creating a Hollywood-like cinematographic center ("Panawood")
at the former Howard AFB. Martinelli's platform is the most
straightforward of all the candidates. His running mates are
Roberto Henriquez, Moscoso's Vice Minister for Foreign Trade
early in her term (September 1999 - August 2000), and Casa
Esperanza activist Roxana Mendez Obarrio.


HOT POTATO: CONSTITUTIONAL REFORM
---------------------------------
11. (SBU) With the Ecumenical Council, a consortium of
Christian religious leaders, leading the charge, civic groups
have pressed for reforms to Panama's constitution; however,
not all Panamanians feel that reforming the constitution is
the best way to resolve the country's problems. All four
candidates, eager to show that they're engaged on the issue,
have signed the Ecumenical Council's petition to hold a
non-binding referendum on whether constitutional reforms are
necessary. Of the four candidates, Endara's proposed
solution is the most drastic and probably unconstitutional.
He has stated that if elected, he will immediately convoke a
parallel constituent assembly. At first opposed to
constitutional reforms, Torrijos now backs them through
established constitutional procedures (which gives the
Legislative Assembly greater control over the process), and
remains opposed to convening a constituent assembly through a
"fifth ballot" on May 2, 2004). Legislators from Torrijos'
PRD party have proposed a bill to amend the constitution,
which two consecutive Legislative Assemblies would need to
approve. Aleman has said little, but another Arnulfista,
Legislator Jose Blandon, Jr., proposed a bill in the
Legislative Assembly to order the printing of a "fifth
ballot" for the May 2 elections to ask Panamanians whether
they want constitutional reforms. Although the first to sign
the Ecumenical Council's call for citizen consultations about
constitutional reform, Martinelli has not spoken much on the
subject. Embassy will report on the issue of constitutional
reforms septel, discussing further the feeble efforts to push
them forward in the Legislative Assembly.


(SBU) COMMENT: PANAMA'S CAMPAIGN AND U.S. INTERESTS
--------------------------------------------- ------
12. (SBU) In Panama's four national electoral events since
1990 (two presidential elections and two referenda), voters
have sided with the opposition every time. But, despite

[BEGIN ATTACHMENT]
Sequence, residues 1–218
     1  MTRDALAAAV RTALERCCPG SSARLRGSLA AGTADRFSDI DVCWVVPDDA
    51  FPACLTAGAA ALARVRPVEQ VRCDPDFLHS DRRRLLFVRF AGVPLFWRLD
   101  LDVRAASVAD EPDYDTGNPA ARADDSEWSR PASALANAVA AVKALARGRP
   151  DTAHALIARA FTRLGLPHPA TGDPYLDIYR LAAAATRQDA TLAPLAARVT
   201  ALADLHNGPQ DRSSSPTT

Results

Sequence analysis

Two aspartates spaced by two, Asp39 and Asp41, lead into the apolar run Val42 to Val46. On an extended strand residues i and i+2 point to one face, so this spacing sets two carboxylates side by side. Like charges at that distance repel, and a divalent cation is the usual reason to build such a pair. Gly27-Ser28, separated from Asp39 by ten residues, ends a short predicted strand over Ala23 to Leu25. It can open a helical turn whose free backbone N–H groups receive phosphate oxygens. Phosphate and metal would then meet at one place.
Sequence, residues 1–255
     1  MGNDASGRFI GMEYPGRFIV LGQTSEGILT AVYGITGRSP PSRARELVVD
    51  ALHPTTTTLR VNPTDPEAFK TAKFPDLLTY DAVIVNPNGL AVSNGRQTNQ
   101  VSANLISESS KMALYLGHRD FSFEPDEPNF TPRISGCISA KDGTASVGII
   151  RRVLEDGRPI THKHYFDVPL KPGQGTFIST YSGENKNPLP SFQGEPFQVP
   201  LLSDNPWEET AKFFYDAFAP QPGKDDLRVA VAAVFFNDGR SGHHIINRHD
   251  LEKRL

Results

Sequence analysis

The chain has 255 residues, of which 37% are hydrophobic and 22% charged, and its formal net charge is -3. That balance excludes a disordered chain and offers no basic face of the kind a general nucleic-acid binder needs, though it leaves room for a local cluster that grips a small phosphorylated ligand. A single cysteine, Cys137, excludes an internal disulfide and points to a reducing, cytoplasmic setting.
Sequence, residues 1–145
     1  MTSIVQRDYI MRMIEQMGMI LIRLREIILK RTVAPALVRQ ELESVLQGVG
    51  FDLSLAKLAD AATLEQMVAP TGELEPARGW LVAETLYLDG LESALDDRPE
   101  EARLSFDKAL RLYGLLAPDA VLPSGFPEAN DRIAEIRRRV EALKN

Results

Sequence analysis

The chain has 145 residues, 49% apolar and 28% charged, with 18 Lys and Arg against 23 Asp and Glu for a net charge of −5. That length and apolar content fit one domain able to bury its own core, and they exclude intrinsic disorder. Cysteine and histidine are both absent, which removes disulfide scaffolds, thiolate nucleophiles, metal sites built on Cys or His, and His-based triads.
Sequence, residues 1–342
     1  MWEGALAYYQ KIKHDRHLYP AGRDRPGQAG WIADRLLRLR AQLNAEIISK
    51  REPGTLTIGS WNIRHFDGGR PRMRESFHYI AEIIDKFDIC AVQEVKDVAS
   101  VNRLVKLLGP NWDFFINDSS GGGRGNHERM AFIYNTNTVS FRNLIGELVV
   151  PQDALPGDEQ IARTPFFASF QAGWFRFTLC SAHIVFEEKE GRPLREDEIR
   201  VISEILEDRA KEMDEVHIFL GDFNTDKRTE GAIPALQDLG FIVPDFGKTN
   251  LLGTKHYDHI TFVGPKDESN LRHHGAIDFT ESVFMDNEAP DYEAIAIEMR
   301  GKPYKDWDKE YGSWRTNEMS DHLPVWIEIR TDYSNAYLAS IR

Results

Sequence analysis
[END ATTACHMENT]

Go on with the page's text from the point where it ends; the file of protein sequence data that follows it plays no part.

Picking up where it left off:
mounting public dissatisfaction in Panama with official
corruption, the 2004 campaign has not produced any
Chavez-like, anti-system candidates. In fact, all the
candidates are friendly to the Embassy and pro-American in
their outlook. They all have professed their intent to
continue the GOP's excellent cooperation on law enforcement
and security matters. This is a two-man race. Martin
Torrijos' comfortable lead over Guillermo Endara in opinion
polls is not unassailable, as Mireya Moscoso demonstrated in
1999 when she overcame a similar disadvantage late in the
campaign to win an impressive come-from-behind victory. For
the campaign to become a real horse race, Endara must pick up
mass support from defecting Arnulfistas, if not from
Arnulfista candidate Jose Miguel Aleman himself, who may
gradually conclude that his party's best post-election
prospects lie in allying with Endara. Until then, Endara
must also hope for a gradual improvement in his own standing
in the polls and an erosion in support for Torrijos.
Torrijos, naturally, will do all he can to maintain his lead.
Most observers have written off Aleman. They may be right
but it is hardly inconceivable for Aleman's support to
increase (at Endara's expense), especially given the
Arnulfistas' formidable electoral machine and their control
of the government's pursestrings. Martinelli, the dark
horse, could conceivably throw his support one way or the
other, although he denies having that intention.


13. (SBU) The candidates are discussing vital national
issues, such as constitutional reform, unemployment, and
negotiating a bilateral Free Trade Agreement with the United
States. Despite broad support from civil society for
constitutional changes, the two big parties have effectively
stifled calls for a constituent assembly. Panama's
politicians do not want to be saddled with a new constitution
that may do away with legislative immunity, greatly reduce
what is by many accounts a grossly over-staffed and
overfunded legislature, or force the government (especially
the executive) to be more accountable to the citizens. With
regard to a U.S.-Panama FTA, the parties are all claiming
that their candidates will extract the most benefits for
Panama from the negotiations, rather than preparing the
electorate for more economic openness. President Moscoso has
even claimed, implausibly, that her administration will
conclude negotiations before she leaves office. The
constitution and the FTA, both of great import to the
US-Panama bilateral relationship and to Panama, will require
concerted thoughtful consideration and statesmanship, not
likely until after May 2, 2004.


WATT